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Discussion Starter #1
First if you can pick some ARP intake bolts, if not make sure you clean your originals, and chase the threads in the heads, make sure all surfaces are clean enough to eat off of, I use brake cleaner on a rag to wipe down all surfaces after the cleaning is done, also before I start cleaning I put down rags in the lifter valley and in the intake ports, water jackets, also plug the hole in front of the lifter valley where the distributor gear is exposed. Next get some all thread cut 4 pieces about 4 or 5 inces long and screw them into the 4 ( 1 in the front and back of each head) corner holes in the heads, this will help you hold the intake gaskets in place as well as set the intake straight down. Put a 1/4" bead of silicone along the front and rear rails, this elimnates the need for the supplied end seals, and a little around the water jackets. Place the gaskets on the heads, then start the intake down the long bolts you installed untill in is positioned on the heads squarely, then put the rest of the intake bolt in finger tight, remove the all thread and install the remaining 4 bolts, tighten evenly untill you have reached recommended torque values.
 

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I think Nasty covered most of it.
most head gaskests have little tabs that hold the intake gaskets on. I am using the printoseal gaskets #1250. They are $19.95 from www.summitracing.com Any good parts store should have them for about that price.
 

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Nastystang did a good job. From my own experience, make double sure on your torque settings. I'll never forget the horrible sound of a $400 two four/holley flanged polished intake going "tink" as the ear on the back right of the intake broke 'cause I wasn't paying attention and torqued her down too much
 

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It might sound stupid but double check to make sure you didn;t leave any rags,tools or whatever in the lifter valley or intake ports before you drop that new intake on.Also keep checking the torque readings as I find you usually have to go around all the bolts a few times until the intake finally compresses the gaskets and all the torques will remain the same.
 

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Probably most everything has been said but to get the max flow to the heads you can check the transition from the intake to the head in the intake ports. Make sure the gasket is not restricting flow (not protruding into the lumen of the intake port). Also check for a step-transition from the intake to the head. This can contribute to turbulant airflow. This can be tricky to check, see the FM archives for details on how to do this, it will either involve lights, mirrors and grinding or a coat hanger to feel around and grinding depending if you are running an RPM or dual plane style manifold.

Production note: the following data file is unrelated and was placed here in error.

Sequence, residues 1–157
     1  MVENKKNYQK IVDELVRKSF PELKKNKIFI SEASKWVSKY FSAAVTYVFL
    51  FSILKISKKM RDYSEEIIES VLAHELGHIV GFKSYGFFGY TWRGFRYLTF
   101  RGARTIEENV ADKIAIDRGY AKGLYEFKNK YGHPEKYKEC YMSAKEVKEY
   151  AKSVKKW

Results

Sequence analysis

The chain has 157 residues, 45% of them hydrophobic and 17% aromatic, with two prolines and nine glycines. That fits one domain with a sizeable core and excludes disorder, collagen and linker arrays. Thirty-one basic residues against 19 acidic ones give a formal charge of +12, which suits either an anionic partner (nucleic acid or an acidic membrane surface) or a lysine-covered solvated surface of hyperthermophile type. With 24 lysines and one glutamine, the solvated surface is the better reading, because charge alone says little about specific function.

Lastly, like everybody else said, pay close attention when torqing the manifold. I think the spec's require it to be torqued to 20 ft/lbs or so (double check that number). I've found that once the gaskets and silicone are in place and the manifold is ready to be torqued. First, hand tighten all the (well cleaned) bolts. Then tighten in 5 ft/lb increments from the center bolts working to the outside and alternate from one side to the other. For example, tighten the bolt over the # 6 cylinder, then the #3 cylinder, then the #7 cylinder, then the #2 cylinder, etc. This helps ensure the silicone gets where it needs to be and that the manifold is torqued evenly. Always triple check your final torque value. Because you own a Ford you do not need to remove the distributor, unlike those poor chevy owners. Although the damn water port on the front of the intake can be tricky to replace....

Lastly, be sure you put gasket sealer (not silicone) around the intake ports on the heads and intake to ensure a good seal. You might not need to do this with certain gaskets.


<font size=-1>[ This Message was edited by: Wildcat on 2/9/02 12:03am ]</font>

<font size=-1>[ This Message was edited by: Wildcat on 2/9/02 12:05am ]</font>
 

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Discussion Starter #9
Just as a last thought, check your intake bolts after a few heat cycles, the gaskets will settle and the bolts can become loose over time then the oil leeks come to haunt you.
 

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Putting an intake on a SBF is easy as cake compared to SBC intakes. I put one on a SBC for the first time a few weeks ago. Talk about an all day task. Nothing like having to pull out a big ugly HEI distributor just to change the intake. Also, the bolts on the inside next to the carb are miserable to get to. Just try fitting a torque wrench on those. On second thought, don't. Just stick with Fords!

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<font size=-1>[ This Message was edited by: 70grande on 2/9/02 10:52am ]</font>
 

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I used the RTV Black on my intake end rails with excellent results. I only use the copper stuff when it is exhaust or very high heat related. The black seems to work best on anything oil related. It also keeps everything sealed up tight and leakproof in my T-5 transmission.
 
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